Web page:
The black breast is a mutation of design due to a different distribution of eumelanim in the plumage of the bird. The orange breast mutation is a color mutation: The eumelanin of the designs is transformed into brown orange phaeomelanin, which pulls towards the red-rust color for the best subjects. I do not think it is important to specify in detail how each mutation we already know alters on the mutated bird.
The ideal competition male, in addition to a correct shape and size such as a classic, must have no black discharge into the chest, must have a parotic zone (the color: between the beak and the cheek) white, a chest that rises as high as possible under the beak, a strong extension of the cheeks (the cheeks meet at the back of the skull) without running on the back (which for me represents a non-selective extension of the color), a gray back and not loaded with brown veil as is often the case, drawings on primary and secondary remiges (white+orange), the most intense red/rust color possible, the largest belly design (orange flames). To this it is necessary to add that the drawings of blanks must be marked with white ovals on orange background; The drawings of the tiles of tails are of course elongated.
The female as the male must be gray of back, shape and size correct, have a belly drawing (the flames)( note that this drawing is not orange as on the males but rather pulls towards the gray-brown), back drawings (on the outer edge of the remiges), a chest that rises very high, drawings of orange cheeks, flanks marked with dots and orange color also.
Should the female have the darkest possible cheeks and flanks ? I have no answer.
What is certain is that the first female orange breast had no orange cheeks and that the Dutch standard required females without cheeks a few years ago (now there are two standards accepted and judged differently: with drawing and without drawing…: type 1, type 2 in competitions). The female without drawn cheeks keeps the tail tiles as orange as possible. Most of my breeding females do not have cheeks, it is a character that I do not select specially.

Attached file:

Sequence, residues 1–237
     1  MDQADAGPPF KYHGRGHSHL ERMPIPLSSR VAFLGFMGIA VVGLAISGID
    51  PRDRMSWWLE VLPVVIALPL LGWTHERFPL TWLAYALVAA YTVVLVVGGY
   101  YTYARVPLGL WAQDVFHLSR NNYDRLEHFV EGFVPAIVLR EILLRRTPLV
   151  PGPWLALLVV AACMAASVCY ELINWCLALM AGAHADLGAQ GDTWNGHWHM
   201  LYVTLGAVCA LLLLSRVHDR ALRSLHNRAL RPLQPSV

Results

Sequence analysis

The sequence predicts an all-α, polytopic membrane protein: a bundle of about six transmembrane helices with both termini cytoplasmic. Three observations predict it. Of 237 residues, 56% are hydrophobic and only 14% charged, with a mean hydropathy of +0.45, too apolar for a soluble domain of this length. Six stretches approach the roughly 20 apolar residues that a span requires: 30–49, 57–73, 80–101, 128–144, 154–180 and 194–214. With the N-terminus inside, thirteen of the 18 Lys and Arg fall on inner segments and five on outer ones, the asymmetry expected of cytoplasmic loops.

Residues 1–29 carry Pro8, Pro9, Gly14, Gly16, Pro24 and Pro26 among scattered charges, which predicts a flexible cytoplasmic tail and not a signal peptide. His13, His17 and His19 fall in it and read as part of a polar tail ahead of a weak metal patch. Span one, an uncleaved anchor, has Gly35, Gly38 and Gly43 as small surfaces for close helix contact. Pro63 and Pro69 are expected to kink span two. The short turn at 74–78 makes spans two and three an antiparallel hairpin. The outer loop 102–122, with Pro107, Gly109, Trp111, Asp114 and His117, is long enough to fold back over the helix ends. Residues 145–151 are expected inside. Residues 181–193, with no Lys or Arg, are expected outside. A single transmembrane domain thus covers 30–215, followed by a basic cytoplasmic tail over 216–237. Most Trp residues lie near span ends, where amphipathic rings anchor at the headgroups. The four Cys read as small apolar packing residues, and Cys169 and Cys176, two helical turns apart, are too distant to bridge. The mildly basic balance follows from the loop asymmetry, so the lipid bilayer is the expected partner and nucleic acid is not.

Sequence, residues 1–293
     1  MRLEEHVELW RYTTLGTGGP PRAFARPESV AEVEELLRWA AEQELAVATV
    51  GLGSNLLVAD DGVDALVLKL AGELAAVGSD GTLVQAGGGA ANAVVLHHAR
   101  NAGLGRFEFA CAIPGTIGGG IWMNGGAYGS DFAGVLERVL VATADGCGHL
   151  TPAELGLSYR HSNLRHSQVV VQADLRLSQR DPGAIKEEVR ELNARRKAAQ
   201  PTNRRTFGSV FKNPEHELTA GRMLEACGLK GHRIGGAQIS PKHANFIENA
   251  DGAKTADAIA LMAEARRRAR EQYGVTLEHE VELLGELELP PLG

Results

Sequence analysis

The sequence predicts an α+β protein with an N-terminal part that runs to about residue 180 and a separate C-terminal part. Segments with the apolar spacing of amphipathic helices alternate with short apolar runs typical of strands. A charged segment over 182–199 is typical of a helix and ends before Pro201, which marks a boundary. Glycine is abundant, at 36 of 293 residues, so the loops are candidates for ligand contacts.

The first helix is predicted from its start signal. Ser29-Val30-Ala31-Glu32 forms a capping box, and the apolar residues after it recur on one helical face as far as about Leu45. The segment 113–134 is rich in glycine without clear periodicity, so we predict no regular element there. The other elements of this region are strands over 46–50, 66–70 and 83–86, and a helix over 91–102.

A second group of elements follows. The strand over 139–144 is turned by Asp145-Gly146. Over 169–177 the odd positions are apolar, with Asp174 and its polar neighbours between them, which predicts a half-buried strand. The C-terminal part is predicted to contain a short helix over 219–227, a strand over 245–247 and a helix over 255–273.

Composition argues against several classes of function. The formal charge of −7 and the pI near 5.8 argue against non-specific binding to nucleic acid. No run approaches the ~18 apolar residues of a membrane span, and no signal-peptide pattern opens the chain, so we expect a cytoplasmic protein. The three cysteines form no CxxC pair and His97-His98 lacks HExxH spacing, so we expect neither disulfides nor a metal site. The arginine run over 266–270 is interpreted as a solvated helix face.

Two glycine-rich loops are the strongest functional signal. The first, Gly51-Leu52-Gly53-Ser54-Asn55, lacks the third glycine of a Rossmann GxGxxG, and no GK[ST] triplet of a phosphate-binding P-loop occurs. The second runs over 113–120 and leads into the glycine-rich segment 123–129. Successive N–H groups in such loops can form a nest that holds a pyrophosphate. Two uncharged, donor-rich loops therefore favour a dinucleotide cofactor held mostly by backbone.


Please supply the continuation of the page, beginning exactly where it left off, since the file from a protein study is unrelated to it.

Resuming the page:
I sometimes read on the internet that to release a good intensive male in color it is absolutely necessary a female with very orange cheeks, it is not true. We come out very good colored birds with females without cheeks if they are very grey. By “very grey” I mean birds whose eumelanin supersedes phaeo. This does not mean that certain characters should not be present (belly drawing, caudal overlying, eyelid etc.). I can say that the female without cheek has no influence on the intensity of the color on the males.
Some peculiarities are specific to the mutation combination
The orange breast seems to intensify the extension of the orange color of the drawings. We often observe subjects with a complete extension of the cheeks at the back of the skull, and this with a chest that goes up very high under the beak (compared with a pure black chest). This extension, when important, tends to color the color. I do not agree with those who say that orange-colored birds are black-faced birds. This coloration appears as well on black breast orange breast without the black face mutation for several generations.
I do not select the orange color of the color. Certainly it is a defect present in my birds but raising black face black breast orange breast, I do not pay attention to it.
In competitions, it depends a lot on the judges but in general, if the bird is good, they do not get heavily punished. Note that there are several kinds of orange colors, which a photo does not show well. Rusty orange colors like the chest and that come to blend with the cheek (not good) or an orange veil, lighter than the cheek and that stands out again (it goes better). But on big competitions, this is what the beautiful bird will miss to rank against the best.